Los Angeles residents follow Fallen Fruit’s maps to find fruit trees on public property. Over on the other coast, the Boston Tree Party is celebrating the spirit of “civic fruit” by planting heirloom apple trees in public spaces. And now we’ve got our very own orchard activists launching all sorts of fruit-centric projects around town this spring: the Baltimore Orchard Project.
Founded by a group of movers and shakers from the local sustainability and food scenes, BOP has two main projects: to glean fruit from public places and distribute it to those in need; and to partner with individuals and organizations to plant trees, orchards, berry bushes, and grapevines to make sure Baltimore only gets fruitier.
It’s pretty much a win-win proposition. As BOP director Nina Beth Cardin recently pointed out in the Baltimore Sun, trees have been proven to reduce neighborhood crime, vandalism, and stress; they create shade, provide food, and — well, they just look pretty. And there are less concrete benefits, too — the BOP’s blog waxes poetic about how “fruit trees anchor our living spaces. They are echoes of Eden, offering us a vision of goodness, comfort, plenty, security and a far-reaching time-horizon. They give us a sense of constancy, holding out the promise that both they, and hopefully we, will be here not just this season, but the next, and the next, for years to come. And when we are gone, they gently hint, they will go on bringing forth fruit for generations.”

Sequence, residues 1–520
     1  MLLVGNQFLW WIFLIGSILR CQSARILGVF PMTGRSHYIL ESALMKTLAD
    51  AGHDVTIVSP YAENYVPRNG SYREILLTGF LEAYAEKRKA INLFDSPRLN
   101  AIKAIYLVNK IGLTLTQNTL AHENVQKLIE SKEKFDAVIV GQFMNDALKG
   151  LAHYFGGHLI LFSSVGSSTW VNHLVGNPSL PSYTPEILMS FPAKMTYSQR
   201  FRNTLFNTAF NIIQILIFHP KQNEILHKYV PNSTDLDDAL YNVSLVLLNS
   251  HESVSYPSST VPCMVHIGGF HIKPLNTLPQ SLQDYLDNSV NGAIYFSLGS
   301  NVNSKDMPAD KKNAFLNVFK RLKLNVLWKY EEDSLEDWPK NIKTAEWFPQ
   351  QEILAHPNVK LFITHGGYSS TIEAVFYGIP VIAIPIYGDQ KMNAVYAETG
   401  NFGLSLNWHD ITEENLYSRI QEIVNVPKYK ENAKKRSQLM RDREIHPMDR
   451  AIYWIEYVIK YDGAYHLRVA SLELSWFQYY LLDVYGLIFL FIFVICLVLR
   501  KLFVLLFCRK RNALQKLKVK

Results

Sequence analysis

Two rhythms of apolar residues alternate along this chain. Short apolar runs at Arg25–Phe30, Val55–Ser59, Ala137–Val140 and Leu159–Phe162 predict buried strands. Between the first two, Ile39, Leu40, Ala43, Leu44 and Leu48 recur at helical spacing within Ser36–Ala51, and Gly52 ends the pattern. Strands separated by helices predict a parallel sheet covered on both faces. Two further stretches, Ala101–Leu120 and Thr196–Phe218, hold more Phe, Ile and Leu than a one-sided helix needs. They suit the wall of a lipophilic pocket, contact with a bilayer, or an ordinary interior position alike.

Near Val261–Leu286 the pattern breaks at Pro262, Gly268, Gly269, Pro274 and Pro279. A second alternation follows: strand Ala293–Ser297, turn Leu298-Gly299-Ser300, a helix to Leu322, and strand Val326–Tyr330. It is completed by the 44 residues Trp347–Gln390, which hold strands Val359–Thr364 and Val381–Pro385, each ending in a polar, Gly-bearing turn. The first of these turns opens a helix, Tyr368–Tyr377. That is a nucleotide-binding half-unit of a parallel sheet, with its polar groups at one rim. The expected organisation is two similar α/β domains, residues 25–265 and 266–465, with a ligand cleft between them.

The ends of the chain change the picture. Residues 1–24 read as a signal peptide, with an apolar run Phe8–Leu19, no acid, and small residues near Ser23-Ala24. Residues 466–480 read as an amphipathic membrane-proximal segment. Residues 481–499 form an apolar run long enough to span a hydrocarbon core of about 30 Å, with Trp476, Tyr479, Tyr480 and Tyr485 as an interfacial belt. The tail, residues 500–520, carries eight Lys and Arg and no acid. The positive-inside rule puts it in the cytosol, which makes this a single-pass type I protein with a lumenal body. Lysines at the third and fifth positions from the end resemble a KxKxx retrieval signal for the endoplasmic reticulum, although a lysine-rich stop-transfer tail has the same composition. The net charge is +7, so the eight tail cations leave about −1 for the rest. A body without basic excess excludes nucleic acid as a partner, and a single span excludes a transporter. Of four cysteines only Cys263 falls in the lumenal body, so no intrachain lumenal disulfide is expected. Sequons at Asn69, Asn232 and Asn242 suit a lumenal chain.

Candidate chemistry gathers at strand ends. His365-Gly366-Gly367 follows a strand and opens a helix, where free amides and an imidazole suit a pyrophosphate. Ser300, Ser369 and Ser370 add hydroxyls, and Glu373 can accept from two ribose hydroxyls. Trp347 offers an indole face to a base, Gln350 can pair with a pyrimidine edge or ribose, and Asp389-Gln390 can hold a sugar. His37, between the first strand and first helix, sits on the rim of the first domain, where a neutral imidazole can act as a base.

There are several ways to get involved. The fruit harvest, which will take place this fall, needs volunteers. If you know of any existing fruit trees the group can glean from, point that out on their website. (An environmental geography class at Towson is already underway, researching the arboreal history of local neighborhoods and creating maps of harvestable trees.) And if your school/neighborhood/organization/workplace/congregation wants to organize a fruit tree planting party, they can help with that, too.
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